Faculty of Science of the University of New South Wales
School of Biological, Earth and Environmental Sciences
Evolution and Ecology Research Centre, Sherwin Lab
Kensington Campus, Biological Sciences Building (D26), Room 552B
Abstracts (first author)
A range-wide conservation genetic study of Little Penguins (Eudyptula minor): augmenting population genetics at neutral loci with an adaptive immune gene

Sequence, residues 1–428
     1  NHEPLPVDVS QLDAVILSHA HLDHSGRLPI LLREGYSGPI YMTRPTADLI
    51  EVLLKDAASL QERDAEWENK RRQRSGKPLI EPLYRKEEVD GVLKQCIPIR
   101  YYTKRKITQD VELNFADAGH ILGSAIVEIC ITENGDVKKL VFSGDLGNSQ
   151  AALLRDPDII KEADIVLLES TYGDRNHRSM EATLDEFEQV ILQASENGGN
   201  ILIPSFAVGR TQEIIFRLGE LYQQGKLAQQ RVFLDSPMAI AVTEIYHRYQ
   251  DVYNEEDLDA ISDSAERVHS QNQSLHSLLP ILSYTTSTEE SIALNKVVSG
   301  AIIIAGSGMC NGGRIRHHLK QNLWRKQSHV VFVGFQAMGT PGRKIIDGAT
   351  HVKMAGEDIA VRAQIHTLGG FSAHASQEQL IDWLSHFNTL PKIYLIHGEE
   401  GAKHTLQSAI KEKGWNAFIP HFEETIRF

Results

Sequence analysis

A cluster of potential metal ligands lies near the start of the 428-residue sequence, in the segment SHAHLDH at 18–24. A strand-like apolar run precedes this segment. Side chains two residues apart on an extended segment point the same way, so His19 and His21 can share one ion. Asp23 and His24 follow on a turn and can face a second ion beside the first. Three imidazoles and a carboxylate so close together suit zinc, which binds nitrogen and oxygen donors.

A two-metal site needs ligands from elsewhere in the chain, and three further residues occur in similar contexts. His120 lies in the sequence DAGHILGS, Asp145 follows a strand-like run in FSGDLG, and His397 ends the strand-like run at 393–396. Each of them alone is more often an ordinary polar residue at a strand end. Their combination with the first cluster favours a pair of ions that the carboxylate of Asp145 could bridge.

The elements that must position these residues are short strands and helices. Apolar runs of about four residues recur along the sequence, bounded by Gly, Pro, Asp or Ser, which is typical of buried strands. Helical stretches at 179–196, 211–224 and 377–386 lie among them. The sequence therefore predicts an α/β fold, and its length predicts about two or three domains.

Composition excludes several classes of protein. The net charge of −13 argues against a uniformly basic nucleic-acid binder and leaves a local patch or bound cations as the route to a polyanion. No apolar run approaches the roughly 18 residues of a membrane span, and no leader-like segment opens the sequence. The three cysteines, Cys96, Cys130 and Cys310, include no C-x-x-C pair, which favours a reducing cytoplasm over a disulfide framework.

Neutral genetic markers, i.e. genes not directly targeted by selection, are frequently used to quantify genetic diversity of populations and often provide the basis for management plans. However, patterns of variation and divergence in adaptive traits such as immune competence are not always correlated with variation in neutral markers. The validity of approaches using only neutral markers for development of conservation strategies is therefore questionable. The present study of conservation genetics and demography in E. minor aims to assess connectivity between penguin colonies along the Australian coast of New South Wales (NSW). A fine-scale analysis of genetic structure is being conducted to determine the extent of dispersal among these colonies and compare their genetic variability. In addition to using neutral genetic markers (microsatellites and mitochondrial DNA), we present the first study investigating non-neutral genetic diversity in penguins. Sequencing of an immune gene of the major histocompatibility complex (MHC) showed high allelic diversity at the functionally relevant peptide binding groove of the MHC molecule in penguins from Western Australia (WA). It is thus an ideal candidate gene to augment the population genetic study in NSW. This new genetic marker will be used to facilitate the choice of management strategies for E. minor and related species with a particular focus on resilience to pathogenic threats and immunogenetic population viability.